Title & Author: The Soulstice (The Dead of Winter, Book 1), Jessica Payne
Genre & Publication Date: Urban Fantasy, January 1, 2015
Book Description: “With no memory of her prior existence, Tess materializes from the snow each winter on the bank of a frozen lake in the Wasatch Mountains. She lives with two other young women she calls her sisters, doing their best to blend in with the humans around them. They find local jobs and live in a cabin near the lake where they are ”born”—the same lake they must drink from every day to survive and the lake they will return to each spring when the snow begins to melt.
To protect themselves from discovery, Tess and her sisters avoid human relationships as much as possible, but when Tess meets Lance Taylor, she feels a connection she’s never felt before. Tess will need Lance more than ever as she discovers the truth about her human life, the mysteries of the lake and the series of painful events that led to her current existence.”
First Line: It’s a strange feeling, being brought into existence particle by particle.
My Take: This was a quick read at the typical 75 page mark for a Novella. The idea of women appearing each winter, materializing with the snow was intriguing. As such, I expected the three “sisters” to be somewhat mysterious and otherworldly in their ways and views.
To my disappointment, the only thing otherworldly about them was their annual appearance. Every other facet of them was a character trope, a stereotype “girl” personality that left me gnashing my teeth. Strong female personalities were portrayed as bitchy type-As. The sister with a sweeter disposition had more in common with the scarecrow in The Wizard of Oz than real women in that she desperately needed a brain. The protagonist, Tess, was a combination of these two types.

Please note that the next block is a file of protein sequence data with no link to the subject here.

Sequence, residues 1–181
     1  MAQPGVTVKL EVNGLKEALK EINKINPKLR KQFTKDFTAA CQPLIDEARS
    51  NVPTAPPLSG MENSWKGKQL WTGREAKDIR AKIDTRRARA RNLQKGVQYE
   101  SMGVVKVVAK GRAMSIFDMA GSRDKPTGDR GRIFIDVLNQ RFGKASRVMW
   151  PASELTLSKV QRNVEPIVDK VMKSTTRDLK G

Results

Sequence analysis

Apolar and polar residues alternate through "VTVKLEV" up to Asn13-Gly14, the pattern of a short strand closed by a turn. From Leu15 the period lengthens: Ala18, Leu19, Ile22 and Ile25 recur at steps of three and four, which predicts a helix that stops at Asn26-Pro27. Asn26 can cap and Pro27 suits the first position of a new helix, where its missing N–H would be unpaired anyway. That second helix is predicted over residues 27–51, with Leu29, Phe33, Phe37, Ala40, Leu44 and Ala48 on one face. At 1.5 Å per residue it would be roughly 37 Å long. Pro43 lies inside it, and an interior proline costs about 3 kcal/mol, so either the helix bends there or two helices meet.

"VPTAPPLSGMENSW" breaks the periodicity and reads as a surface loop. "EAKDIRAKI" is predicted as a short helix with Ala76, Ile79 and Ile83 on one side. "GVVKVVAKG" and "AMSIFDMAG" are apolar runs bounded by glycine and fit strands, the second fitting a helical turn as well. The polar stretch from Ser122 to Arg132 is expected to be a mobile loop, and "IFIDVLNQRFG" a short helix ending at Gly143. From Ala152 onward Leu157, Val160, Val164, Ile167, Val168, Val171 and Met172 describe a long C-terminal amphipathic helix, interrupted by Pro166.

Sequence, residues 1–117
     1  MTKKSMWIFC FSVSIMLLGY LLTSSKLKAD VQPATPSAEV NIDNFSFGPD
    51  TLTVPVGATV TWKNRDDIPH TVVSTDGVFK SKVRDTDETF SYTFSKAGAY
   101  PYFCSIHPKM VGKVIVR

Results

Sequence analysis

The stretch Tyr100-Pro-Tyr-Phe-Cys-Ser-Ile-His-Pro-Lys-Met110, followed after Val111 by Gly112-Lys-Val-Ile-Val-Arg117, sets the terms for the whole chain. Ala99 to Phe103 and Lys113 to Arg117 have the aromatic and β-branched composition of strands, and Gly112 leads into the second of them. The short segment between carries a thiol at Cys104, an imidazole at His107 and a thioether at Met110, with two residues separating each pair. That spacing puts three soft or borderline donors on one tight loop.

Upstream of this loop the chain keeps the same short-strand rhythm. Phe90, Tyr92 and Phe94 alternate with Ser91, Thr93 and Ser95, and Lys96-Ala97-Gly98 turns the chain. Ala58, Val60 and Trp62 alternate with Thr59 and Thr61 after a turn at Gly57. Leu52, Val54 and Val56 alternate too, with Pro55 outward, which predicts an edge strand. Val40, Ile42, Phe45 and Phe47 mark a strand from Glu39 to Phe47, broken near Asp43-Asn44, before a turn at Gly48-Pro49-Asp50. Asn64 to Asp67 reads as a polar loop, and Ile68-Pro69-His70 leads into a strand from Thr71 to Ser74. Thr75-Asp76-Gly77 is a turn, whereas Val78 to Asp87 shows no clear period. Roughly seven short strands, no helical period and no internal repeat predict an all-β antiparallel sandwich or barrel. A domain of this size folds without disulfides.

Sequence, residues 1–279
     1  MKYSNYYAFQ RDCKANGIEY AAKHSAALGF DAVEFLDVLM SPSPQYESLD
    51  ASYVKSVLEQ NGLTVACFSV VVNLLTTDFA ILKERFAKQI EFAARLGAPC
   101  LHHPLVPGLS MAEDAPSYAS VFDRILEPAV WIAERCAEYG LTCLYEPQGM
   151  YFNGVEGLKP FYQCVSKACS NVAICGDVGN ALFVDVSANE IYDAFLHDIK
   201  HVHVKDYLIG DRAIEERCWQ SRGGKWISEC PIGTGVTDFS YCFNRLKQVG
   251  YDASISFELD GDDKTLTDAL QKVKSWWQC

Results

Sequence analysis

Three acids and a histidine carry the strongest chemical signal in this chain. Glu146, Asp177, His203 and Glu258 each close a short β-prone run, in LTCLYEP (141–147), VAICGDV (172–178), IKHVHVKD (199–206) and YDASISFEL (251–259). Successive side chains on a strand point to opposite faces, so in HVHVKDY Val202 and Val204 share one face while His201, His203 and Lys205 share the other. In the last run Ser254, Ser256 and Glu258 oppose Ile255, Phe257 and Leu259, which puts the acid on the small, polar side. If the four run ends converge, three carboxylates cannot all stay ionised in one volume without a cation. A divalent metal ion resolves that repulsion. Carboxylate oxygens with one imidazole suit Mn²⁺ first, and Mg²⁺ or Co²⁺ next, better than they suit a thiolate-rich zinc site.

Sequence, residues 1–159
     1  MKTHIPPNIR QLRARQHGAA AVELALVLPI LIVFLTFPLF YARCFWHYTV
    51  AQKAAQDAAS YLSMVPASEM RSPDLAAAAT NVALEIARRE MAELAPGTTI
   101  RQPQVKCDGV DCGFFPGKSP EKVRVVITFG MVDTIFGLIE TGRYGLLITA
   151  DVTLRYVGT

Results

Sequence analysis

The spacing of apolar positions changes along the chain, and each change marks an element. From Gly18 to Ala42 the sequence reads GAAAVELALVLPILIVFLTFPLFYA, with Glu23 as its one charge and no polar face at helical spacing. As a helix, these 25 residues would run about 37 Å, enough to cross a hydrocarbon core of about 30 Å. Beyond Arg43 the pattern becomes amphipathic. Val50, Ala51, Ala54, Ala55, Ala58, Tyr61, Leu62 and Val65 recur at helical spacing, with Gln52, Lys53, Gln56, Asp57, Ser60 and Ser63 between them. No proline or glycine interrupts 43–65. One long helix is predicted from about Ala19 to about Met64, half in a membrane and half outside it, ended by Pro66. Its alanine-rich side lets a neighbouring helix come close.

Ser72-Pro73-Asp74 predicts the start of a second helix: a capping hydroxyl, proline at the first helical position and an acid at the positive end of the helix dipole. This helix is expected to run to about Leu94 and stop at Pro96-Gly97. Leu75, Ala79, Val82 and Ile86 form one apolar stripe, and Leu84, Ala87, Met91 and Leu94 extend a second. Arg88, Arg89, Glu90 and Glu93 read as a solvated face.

When Tess decides to investigate the reason for their winter existence, it isn’t because she’s had enough of this half life. No, it’s at the behest of her romantic interest, Lance. “Okay,” I thought. “Maybe love inspires her to figure this out. I can get with that.” But even then, Lance takes the reins in the investigation and Tess is led along through the guy’s intense research methods (yeah, he did a Google search).
The moment that had me wanting to hurl my Kindle across the room (Don’t worry, I didn’t. I love my Kindle.) was when one sister grumbles that another sister’s foul mood must be PMS fueled…Aren’t there enough sources in society depicting a woman’s state of mind as hysterical or caused by ‘that time of the month’, without contributing to it? I actually flipped back to the front of the book to confirm this was indeed written by a woman.
The Magical: The mystery of their winter existence.
The Mundane: Most everything else, down to the bartender/waitress jobs they worked.
Summary of Thoughts: Currently this Novella is $0.99 for the Kindle and is the first installment in a series, but I’m afraid I won’t be going back for seconds. In all, it was a missed opportunity. Here was a chance to show three strong women bonded through courage and commitment to decipher what’s happening to them. Instead, they were more like caricatures rather than living, breathing people.
It is my opinion that authors, especially women, should portray their female characters as individuals of purpose, with passion not just in love, but in their aspirations as well. Maybe it’s because I’m soon to have a daughter that this story vexed me so much. Or maybe it’s because I have sons who, although we do our best to dispel such false attitudes about women, I fear will still internalize some of society’s limiting views.
Okay, it’s possible I’ve gotten off track from the review, but if you’re an author, let me leave you with this notion: A woman can have brains, wit and legs that go all the way down. Possessing one of these traits does not preclude her from possessing the others. Please consider this in your depiction of female characters. Our daughters will thank you for it.
Curious what others thought? Check out Amazon’s reviews: